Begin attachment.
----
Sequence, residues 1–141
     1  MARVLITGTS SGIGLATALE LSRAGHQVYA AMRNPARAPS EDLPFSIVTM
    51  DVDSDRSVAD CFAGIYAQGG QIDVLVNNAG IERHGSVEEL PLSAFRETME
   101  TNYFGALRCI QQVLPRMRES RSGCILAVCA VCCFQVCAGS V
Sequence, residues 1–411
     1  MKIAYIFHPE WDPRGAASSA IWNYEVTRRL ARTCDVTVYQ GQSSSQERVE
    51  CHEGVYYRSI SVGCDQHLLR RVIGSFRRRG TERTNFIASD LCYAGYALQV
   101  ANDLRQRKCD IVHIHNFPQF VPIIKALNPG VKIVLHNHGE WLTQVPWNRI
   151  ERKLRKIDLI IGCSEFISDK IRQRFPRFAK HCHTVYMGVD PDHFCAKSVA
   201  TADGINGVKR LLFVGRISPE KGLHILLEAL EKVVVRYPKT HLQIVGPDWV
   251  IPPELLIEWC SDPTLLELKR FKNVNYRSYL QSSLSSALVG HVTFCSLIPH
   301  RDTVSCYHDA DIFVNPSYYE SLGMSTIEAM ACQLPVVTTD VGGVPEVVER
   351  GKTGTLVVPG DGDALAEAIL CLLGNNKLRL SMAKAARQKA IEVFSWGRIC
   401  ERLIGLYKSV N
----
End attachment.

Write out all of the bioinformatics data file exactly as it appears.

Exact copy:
Sequence, residues 1–141
     1  MARVLITGTS SGIGLATALE LSRAGHQVYA AMRNPARAPS EDLPFSIVTM
    51  DVDSDRSVAD CFAGIYAQGG QIDVLVNNAG IERHGSVEEL PLSAFRETME
   101  TNYFGALRCI QQVLPRMRES RSGCILAVCA VCCFQVCAGS V
Sequence, residues 1–411
     1  MKIAYIFHPE WDPRGAASSA IWNYEVTRRL ARTCDVTVYQ GQSSSQERVE
    51  CHEGVYYRSI SVGCDQHLLR RVIGSFRRRG TERTNFIASD LCYAGYALQV
   101  ANDLRQRKCD IVHIHNFPQF VPIIKALNPG VKIVLHNHGE WLTQVPWNRI
   151  ERKLRKIDLI IGCSEFISDK IRQRFPRFAK HCHTVYMGVD PDHFCAKSVA
   201  TADGINGVKR LLFVGRISPE KGLHILLEAL EKVVVRYPKT HLQIVGPDWV
   251  IPPELLIEWC SDPTLLELKR FKNVNYRSYL QSSLSSALVG HVTFCSLIPH
   301  RDTVSCYHDA DIFVNPSYYE SLGMSTIEAM ACQLPVVTTD VGGVPEVVER
   351  GKTGTLVVPG DGDALAEAIL CLLGNNKLRL SMAKAARQKA IEVFSWGRIC
   401  ERLIGLYKSV N